I also admire how we were able to conduct a war at total opposite ends of the globe with limited technology and communication. It saddens me that the politics of today have polarized our nation and we are not able to agree on much. Those that served in WWII also grew up during the Great Depression and certainly deserve the title of the Greatest Generation.

If you could meet any person from the present or the past, who would it be and why, Mark?
Picking one person would be difficult, but I would certainly love to meet President Abraham Lincoln. From what I understand, our founding fathers were aware that slavery was a serious problem but it was pushed aside as they dealt with fighting the Revolutionary War and establishing a new nation. It finally fell on the broad shoulders of Abraham Lincoln who was brave enough to face it head on. With the United States still being a young nation with such high ideals, the weight of leading a country with such strongly opposing sides had to be unbearable. I would love to be able to ask him about how he dealt with that unimaginable burden on a daily basis.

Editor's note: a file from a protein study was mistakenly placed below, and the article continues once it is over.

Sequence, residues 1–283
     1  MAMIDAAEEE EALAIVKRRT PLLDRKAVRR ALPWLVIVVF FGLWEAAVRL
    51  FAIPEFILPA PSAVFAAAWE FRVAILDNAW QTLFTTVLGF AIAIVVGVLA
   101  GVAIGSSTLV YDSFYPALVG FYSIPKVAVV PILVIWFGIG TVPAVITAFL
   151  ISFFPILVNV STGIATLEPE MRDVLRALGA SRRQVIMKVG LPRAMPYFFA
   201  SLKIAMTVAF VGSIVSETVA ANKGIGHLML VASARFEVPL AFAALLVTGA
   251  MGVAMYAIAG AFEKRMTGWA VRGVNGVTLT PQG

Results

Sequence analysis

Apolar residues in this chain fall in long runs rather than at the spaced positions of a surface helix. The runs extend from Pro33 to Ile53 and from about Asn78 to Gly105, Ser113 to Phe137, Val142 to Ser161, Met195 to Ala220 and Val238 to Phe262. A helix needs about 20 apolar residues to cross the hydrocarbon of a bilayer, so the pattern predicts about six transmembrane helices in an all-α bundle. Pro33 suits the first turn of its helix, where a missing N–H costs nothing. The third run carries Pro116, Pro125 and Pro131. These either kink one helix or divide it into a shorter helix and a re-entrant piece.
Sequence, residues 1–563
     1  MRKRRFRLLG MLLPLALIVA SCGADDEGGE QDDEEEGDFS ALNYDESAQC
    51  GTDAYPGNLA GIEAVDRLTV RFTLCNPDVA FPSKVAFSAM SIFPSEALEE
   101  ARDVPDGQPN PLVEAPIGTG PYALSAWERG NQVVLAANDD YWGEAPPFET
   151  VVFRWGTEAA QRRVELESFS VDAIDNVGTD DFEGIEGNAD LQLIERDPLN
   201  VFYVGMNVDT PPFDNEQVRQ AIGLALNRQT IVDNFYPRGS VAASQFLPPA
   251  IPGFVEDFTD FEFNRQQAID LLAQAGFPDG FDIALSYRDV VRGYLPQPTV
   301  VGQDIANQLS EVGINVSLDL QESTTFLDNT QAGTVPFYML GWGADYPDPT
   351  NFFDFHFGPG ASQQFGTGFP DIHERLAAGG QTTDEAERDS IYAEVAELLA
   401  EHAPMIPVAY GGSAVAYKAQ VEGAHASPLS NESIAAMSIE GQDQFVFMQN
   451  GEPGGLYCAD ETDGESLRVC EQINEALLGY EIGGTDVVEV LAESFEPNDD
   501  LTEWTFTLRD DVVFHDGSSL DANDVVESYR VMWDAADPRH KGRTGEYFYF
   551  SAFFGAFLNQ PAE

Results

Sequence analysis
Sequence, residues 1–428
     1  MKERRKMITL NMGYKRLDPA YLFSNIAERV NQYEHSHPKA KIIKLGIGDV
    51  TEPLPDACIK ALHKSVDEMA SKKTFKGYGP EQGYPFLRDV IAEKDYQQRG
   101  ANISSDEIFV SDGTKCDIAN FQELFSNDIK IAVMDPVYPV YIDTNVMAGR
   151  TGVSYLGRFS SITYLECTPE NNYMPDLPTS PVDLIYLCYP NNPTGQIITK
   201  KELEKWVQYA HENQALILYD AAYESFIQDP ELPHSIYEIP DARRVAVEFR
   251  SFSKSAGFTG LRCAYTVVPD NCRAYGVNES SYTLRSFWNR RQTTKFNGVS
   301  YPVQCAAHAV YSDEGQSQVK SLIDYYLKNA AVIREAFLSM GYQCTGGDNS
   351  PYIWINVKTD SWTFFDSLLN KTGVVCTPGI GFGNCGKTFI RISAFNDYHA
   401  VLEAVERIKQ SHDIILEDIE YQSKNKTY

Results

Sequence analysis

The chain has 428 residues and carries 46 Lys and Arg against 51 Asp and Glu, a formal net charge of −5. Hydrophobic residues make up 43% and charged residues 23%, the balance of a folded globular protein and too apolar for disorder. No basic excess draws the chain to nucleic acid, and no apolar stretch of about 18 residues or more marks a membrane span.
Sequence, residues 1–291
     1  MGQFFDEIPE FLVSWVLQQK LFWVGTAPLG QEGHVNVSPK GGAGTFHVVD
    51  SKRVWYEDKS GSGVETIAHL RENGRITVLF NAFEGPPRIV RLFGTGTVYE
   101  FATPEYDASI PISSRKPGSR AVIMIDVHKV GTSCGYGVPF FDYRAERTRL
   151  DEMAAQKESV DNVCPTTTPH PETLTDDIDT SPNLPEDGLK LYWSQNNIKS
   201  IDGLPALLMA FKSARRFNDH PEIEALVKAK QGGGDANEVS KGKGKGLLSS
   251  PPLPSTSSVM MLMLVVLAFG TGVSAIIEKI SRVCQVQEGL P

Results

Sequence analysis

What was the best advice you ever received, Mark?
My dad once told me that if you treated people fairly and right, then things would go well for you. This seems to be another way of describing The Golden Rule: Do unto others as you would have them do unto you.

What was your very first job and what did you learn from it, Mark?
My first job, at seven years old, was to irrigate 20 acres of vineyard. I remember my dad taking me to the local dry goods store to buy a pair of rubber boots. Although many times I had to get up before school to shovel furrows, I enjoyed having a job that I was responsible for and could see the result of my work through a growing crop. My dad never made me work on the farm, but I continued to work through my growing up years because I really wanted to. I also enjoyed the extra spending money at the end of the summer!  

What do you like to do in your spare time, Mark?
Although I don’t really have hobbies such as fishing or golfing, I have thoroughly enjoyed keeping up with the various activities of my three daughters over the years. They were all very active in sports in high school and my youngest is currently playing volleyball at Biola University. We are still spending a good deal of time traveling to watch her team. I also enjoy the time I spend serving on the different boards and committees that I am a part of.  Due to the busy nature of multiple farming seasons, I do enjoy the relaxing times spent at home or at the coast.